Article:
McGee recently retired as director of both an ambulance district and an associated non-emergency medical fleet in south central Missouri.

“Jim will be helping non-traditional transportation sites, such as nursing homes and volunteer groups with vehicles (churches, senior facilities) prepare for transporting others outside their organizations.” Gordon said.

McGee experienced HealthTran’s win-win benefits firsthand during HealthTran’s pilot effort in the West Plains area.

Rides to Health and Wealth is a regional initiative to build rural transportation options using the HealthTran ride scheduling and resourcing platform.

“The South Howell County Ambulance District began a relationship in 2016 with HealthTran for medical transport pickup and reimbursement for specific transports,” he said. “With this relationship our (reimbursed non-emergency) transport numbers increased.” This benefit to the district was also a benefit to patients, providers and the community, he said. “More people were getting to their appointments, which meant they were not getting as sick.”

“HealthTran is a win-win situation for all involved,” McGee said. “The result in our area was, and is, improved quality of life for patients and reduced costs for all providers of health care at all levels.”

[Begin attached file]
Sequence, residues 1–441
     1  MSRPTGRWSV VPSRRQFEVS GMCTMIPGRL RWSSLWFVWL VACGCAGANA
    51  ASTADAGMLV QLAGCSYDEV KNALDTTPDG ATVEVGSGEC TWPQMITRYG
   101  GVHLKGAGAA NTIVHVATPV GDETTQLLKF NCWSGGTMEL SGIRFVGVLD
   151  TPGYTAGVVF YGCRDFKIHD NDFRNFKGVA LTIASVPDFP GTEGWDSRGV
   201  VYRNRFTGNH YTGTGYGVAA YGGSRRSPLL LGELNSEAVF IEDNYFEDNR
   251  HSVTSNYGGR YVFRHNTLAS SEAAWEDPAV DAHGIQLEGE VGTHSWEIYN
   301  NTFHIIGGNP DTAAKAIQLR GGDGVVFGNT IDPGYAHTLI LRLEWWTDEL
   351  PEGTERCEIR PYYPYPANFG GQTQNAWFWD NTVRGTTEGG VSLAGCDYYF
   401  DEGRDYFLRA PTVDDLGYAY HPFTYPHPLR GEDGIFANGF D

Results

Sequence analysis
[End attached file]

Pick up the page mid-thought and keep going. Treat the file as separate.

WILS’ Ashurst can see it happening in west central Missouri.

“A large segment of the population cannot get Medicaid transportation because their income is just above the line, or they own property,” she said. “They can’t get a ride to the doctor, the grocery store, or even to church to make friends who might give them a ride.,” she said.

HealthTran can get those people where they need to go by leveraging and building ride resources, she said. “Once our HealthTran driver network gets robust, I will have opportunity to build our program and offer more rides to the community like local schools. … It builds community. It’s going to help everybody. I think it’s a fantastic idea.”

To learn more about Rides to Health and Wealth and its regional work with HealthTran, contact project director Kelly Ast at 660-476-5905 Ext. 3162.